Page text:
Nicholas Baxter

Anatomical Study from Cadavers

One major artistic discipline for which I have the least formal study is anatomy. I find the human figure and its underlying structures infinitely challenging in all of the complex shapes, sizes and movements they’re capable of. I’ve logged many hours of figure drawing practice from live models as well as a few painting sessions but never have had the opportunity for long term, in-depth study, starting from the inside out. Which is why I jump at the chance for any opportunity to briefly work on this artistic area, and recently was given a rare and unique invitation to observe and paint a cadaver dissection at a local training facility for medical school and EMS students.

Knowing about the rich artistic tradition of anatomical study from cadavers, which began in earnest during the Renaissance in Europe, I was thrilled to uphold and carry forward this practice as a contemporary artist. In recent times the tradition has mostly faded, and I relish the privilege I was given for a day to revive it and link my artistic practice to that of the old masters and forefathers of modern Western art, like Da Vinci, Michelangelo, and Titian, among others.

Leonardo Da Vinci, Studies of the Shoulder and Neck, c. 1509-1510

Leonardo Da Vinci, Studies of the Shoulder and Neck, c. 1509-1510

Which isn’t to say that I regard myself to be in their rarified company in any way whatsoever, especially artistically. My accomplishments and artwork are quite meager in comparison with their mastery and all they left us with. What I mean is that, they started and passed on a beautiful tradition of deep artistic study melded with science–a tradition that I, in some small way, have been able to carry on, by practicing in a similar manner.

This day of training, although completely fascinating and enthralling, was not easy. We were set up in an examination room kept around the temperature of a refrigerator, due to, of course, the presence of a draped cadaver in the center of the room. Needless to say, these temperatures are difficult to be in for long periods of time without a lot of physical activity to keep one’s blood flowing and core temperature at a comfortable level. So after a while, painting with cold stiff fingers and shivering chest became the biggest challenge…and amusingly, allowed me to relate in a strange way to the severed and dissected arm of the cadaver perched on a crumpled medical drape in front of me, cold and stiff in its own way.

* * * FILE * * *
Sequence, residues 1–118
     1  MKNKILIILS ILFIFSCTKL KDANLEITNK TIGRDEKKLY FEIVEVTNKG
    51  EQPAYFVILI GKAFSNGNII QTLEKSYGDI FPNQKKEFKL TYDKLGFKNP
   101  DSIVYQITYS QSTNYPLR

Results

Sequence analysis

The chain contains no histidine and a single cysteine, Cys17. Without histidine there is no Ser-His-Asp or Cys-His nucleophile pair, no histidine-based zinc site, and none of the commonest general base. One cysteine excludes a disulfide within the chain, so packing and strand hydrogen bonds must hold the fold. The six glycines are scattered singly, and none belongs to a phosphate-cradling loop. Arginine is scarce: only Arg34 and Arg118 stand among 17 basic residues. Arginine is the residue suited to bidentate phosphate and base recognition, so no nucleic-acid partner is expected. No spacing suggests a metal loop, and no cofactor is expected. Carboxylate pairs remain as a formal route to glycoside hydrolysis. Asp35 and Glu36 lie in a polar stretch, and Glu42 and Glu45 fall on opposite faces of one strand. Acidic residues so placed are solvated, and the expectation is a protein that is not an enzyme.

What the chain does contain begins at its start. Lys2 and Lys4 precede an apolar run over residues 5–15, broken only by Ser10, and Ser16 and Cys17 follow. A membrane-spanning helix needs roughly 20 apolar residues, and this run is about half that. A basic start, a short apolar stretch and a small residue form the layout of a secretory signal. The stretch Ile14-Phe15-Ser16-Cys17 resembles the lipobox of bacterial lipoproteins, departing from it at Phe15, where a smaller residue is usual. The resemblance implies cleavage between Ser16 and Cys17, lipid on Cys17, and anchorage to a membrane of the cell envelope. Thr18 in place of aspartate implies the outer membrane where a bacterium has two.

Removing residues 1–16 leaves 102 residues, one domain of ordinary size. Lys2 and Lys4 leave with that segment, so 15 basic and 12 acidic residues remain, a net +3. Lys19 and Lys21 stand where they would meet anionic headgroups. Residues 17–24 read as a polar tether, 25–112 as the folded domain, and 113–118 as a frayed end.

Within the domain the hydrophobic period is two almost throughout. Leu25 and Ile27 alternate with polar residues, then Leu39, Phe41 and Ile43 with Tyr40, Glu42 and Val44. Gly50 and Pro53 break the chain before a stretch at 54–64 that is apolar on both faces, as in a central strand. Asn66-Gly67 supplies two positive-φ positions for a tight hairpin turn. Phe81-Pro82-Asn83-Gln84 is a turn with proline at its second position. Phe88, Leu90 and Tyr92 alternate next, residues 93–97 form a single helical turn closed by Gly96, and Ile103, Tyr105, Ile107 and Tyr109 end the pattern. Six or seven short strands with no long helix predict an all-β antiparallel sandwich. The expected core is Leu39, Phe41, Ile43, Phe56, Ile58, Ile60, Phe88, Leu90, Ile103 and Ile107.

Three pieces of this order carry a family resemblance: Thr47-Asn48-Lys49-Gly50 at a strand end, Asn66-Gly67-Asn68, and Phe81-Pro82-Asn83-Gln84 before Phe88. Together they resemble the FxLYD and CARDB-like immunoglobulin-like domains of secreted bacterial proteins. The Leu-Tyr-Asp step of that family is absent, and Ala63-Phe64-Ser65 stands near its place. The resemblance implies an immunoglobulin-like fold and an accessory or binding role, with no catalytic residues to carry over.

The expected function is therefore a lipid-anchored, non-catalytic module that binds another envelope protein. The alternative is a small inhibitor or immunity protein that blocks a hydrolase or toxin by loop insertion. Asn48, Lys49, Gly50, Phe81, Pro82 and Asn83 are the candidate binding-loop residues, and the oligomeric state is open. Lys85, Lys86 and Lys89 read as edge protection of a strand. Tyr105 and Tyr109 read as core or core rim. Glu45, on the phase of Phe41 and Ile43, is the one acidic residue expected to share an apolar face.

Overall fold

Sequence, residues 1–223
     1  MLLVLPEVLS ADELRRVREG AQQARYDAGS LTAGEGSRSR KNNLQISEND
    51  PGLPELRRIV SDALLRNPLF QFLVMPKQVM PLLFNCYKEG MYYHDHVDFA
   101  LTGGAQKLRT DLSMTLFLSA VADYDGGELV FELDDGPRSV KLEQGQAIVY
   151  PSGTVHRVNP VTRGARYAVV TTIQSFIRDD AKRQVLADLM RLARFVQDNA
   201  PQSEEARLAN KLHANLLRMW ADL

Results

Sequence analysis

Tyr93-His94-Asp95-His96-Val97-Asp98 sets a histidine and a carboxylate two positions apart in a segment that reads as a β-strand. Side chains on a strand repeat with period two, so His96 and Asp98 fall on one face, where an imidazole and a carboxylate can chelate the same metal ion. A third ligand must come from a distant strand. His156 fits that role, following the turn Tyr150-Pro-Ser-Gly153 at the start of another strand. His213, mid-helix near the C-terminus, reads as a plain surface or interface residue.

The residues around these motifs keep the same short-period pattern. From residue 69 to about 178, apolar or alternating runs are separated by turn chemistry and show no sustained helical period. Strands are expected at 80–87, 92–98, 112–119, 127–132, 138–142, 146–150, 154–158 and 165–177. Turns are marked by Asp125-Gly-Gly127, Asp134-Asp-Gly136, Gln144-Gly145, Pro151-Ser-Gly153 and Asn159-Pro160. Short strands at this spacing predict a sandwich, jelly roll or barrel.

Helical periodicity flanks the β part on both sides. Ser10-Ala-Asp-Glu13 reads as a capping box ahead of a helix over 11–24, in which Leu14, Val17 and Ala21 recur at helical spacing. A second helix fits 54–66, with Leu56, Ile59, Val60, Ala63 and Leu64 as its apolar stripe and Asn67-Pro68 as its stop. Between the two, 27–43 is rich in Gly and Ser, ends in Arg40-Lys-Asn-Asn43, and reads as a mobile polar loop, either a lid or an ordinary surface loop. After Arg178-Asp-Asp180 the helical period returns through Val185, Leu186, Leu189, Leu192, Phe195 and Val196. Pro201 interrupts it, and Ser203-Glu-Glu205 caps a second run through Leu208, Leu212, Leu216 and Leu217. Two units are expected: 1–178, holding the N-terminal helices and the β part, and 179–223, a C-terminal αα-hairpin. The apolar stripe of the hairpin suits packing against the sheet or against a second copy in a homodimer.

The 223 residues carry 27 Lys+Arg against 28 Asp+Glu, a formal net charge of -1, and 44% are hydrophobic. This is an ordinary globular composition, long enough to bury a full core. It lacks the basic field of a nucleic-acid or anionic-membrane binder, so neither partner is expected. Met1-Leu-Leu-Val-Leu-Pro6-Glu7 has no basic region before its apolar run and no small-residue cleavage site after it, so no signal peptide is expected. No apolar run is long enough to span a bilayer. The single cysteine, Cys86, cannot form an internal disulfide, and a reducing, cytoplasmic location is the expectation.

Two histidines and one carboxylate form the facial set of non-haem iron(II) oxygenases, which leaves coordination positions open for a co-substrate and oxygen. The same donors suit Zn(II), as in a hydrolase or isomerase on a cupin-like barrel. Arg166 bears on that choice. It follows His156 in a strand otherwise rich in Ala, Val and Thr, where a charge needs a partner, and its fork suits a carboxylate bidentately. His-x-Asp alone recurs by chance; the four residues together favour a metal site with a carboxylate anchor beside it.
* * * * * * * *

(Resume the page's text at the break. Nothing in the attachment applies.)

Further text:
After observing the technician peel back the layers of skin and fascia on the forearm, all the while listening intently to his explanations of the detailed anatomy and its functioning, my friend James and I then watched in amazement as the arm was severed at the shoulder joint (quite easily) from its cadaver, and placed before us for further study. I gloved up and made a pleasing arrangement with it, and then got to work for a short hour and a half oil sketching session. Here’s the final result of an amazing day of learning and painting:

Study of an Arm, oil on panel, 9 x 12 inches, 2016

Study of an Arm, oil on panel, 9 x 12 inches, 2016